Pilot Glynn Barker on launching a watch brand


The best person to advise on an aviation watch is a real life pilot, which is exactly why serving commercial airline pilot and watch fan Glynn Barker set up his own brand. After a successful stint only selling his creations to fellow pilots he is now ready to take Axion to the wider market through wholesale channels. He speaks to Rachael Taylor about why his watches are more relevant for modern pilots than the big brands’ and getting Axion ready for takeoff.

WatchPro: What made you want to start the brand?
Glynn Barker: I have always been interested in watches and the mechanics involved in making fine watches. As a child I remember taking one of my father’s watches to pieces to see how it worked. He wasn’t best pleased. Before my career in aviation I was an engineer so my engineering background now continues with my passion in watches. I also believe there is a gap in the market for a brand that designs watches for professional commercial pilots who need functionality that is of use in a modern computer-laden flight deck.

WP: What do real pilots want from a watch?
GB: Real pilots are firstly nothing like the image portrayed by some of the existing bigger watch brands that still tend to portray pilots as some kind of Charlton Heston hero type of figure who wrestle stricken aircraft from imminent danger. Real pilots fly modern safe aircraft that are awash with high-end technology and therefore we don’t need a watch that can tell us how high we are, or how fast we are going, or what time to the next waypoint. I, as a pilot of my airbus A320, want a watch that firstly looks fantastic, is of high quality, is reliable and lets me see the time in two zones simultaneously. All Axion watches allow you to tell the time in local and GMT so that we are never late for reporting for duty but also know what time to meet our colleagues when down route. We also added SuperLuminova to our product because flight decks are dimly lit places at night so having a highly visible dial is a bonus.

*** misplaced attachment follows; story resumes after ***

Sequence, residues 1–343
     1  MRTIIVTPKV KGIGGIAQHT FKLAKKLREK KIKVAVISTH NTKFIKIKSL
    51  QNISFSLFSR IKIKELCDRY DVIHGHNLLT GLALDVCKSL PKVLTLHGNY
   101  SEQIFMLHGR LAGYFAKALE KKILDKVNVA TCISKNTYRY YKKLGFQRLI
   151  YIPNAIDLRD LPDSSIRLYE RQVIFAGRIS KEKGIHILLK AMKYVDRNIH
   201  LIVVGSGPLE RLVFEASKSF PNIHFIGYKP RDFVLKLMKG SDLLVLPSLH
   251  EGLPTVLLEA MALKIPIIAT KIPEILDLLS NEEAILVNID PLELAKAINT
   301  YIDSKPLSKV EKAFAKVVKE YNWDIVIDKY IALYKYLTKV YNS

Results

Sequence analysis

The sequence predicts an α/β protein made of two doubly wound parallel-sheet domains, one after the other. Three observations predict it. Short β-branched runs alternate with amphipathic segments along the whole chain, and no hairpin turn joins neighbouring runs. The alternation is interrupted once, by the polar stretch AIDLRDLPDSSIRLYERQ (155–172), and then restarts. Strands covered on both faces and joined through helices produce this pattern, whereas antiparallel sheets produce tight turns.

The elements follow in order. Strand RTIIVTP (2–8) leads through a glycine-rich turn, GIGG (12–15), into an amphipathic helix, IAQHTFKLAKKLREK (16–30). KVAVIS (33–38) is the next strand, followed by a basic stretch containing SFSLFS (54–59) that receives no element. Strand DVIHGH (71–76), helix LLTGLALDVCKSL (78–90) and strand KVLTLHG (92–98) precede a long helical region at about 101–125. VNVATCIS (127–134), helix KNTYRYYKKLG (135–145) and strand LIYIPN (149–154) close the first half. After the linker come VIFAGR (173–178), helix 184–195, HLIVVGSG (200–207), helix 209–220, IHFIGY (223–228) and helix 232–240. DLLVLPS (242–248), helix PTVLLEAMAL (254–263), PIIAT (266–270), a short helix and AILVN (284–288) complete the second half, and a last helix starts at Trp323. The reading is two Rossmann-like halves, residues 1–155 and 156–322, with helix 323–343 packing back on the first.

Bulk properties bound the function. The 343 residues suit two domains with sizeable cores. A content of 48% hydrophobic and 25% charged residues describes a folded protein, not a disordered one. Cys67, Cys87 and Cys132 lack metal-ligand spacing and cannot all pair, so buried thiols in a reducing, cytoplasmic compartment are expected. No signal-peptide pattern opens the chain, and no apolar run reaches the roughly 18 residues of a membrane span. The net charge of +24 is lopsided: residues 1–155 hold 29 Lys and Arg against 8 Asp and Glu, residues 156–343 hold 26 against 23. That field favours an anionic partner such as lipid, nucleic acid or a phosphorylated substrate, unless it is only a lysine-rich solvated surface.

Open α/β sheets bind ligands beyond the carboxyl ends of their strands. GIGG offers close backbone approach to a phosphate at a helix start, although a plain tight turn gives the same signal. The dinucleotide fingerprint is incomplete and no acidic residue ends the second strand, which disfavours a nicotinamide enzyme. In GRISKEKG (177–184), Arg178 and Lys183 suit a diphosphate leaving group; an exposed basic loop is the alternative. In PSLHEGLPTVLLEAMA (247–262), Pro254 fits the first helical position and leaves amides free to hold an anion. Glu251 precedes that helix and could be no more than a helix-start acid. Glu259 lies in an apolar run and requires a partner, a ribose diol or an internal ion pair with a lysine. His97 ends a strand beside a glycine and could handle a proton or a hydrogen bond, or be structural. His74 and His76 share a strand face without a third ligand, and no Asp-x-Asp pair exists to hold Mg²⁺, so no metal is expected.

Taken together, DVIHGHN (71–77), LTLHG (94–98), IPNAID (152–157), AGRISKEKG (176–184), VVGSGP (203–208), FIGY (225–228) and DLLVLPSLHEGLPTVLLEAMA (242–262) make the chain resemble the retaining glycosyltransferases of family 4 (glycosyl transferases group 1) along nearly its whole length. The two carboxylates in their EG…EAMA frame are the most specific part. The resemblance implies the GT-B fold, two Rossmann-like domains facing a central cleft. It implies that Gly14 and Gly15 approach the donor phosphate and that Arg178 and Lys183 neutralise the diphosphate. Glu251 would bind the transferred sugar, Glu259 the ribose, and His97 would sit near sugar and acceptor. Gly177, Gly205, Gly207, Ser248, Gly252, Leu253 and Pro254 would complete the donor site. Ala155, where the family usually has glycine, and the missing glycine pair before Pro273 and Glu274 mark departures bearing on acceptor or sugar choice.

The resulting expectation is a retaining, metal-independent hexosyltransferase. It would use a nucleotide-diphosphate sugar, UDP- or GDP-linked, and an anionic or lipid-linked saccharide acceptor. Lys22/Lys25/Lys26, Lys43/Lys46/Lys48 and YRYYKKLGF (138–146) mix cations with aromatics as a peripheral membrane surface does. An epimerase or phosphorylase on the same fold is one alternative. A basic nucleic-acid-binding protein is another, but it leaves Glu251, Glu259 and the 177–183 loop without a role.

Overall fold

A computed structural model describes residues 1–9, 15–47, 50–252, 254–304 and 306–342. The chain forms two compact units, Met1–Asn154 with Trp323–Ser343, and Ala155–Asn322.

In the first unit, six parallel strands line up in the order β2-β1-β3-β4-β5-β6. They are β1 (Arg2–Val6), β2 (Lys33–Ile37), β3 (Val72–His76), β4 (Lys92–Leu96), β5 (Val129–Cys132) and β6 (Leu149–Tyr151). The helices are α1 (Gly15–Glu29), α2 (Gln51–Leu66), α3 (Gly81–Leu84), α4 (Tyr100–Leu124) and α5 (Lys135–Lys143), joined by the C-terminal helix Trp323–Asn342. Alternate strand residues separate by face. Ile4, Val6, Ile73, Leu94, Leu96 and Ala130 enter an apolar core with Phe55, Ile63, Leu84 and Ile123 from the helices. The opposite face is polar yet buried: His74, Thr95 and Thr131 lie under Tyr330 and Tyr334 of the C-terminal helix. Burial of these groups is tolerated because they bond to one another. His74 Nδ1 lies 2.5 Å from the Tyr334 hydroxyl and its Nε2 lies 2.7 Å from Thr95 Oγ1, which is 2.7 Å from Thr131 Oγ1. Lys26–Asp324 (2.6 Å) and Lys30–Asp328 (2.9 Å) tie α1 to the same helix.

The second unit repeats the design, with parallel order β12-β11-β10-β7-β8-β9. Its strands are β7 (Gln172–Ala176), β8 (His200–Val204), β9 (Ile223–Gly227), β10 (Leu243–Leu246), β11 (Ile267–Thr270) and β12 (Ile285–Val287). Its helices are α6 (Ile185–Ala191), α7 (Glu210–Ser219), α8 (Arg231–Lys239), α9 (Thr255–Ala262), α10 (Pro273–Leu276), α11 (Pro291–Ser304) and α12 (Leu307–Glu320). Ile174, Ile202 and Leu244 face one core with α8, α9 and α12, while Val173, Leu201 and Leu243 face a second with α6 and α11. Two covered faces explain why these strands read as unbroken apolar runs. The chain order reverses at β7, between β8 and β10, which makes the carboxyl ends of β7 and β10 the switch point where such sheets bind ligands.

WP: What do your pilot friends thinks of your venture?
GB: All my friends and colleagues think the idea is fantastic and have been very supportive of my project. We did an exhaustive research study of working pilots from all sectors – short haul, long haul, jet, turboprop – before working on the design of our product. My own airline wanted to initially sell the product on board but we soon realised that the price point of a luxury Swiss-made watch was too high for this market and I did not want Axion to be a Far East fashion brand.

WP: Tell us about the products you will be launching.
GB: Our product range is initially four men’s watches and one ladies’ watch. The gentleman have a choice of round or square cases and a choice of a black-on-white dial or white-on-black dial. All have sapphire crystal, are waterproof to either 50m or 100m and have Swiss Ronda or ETA movements. The ladies’ version is in white and has a beautiful mother of pearl dial showing the second time zone around the centre point. We are just about to bring out a new version with a black PVD case with the highest level yellow SuperLuminova on the dial creating the classic yellow and black colour combination. Finally, next year’s model is being developed with an analogue digital movement.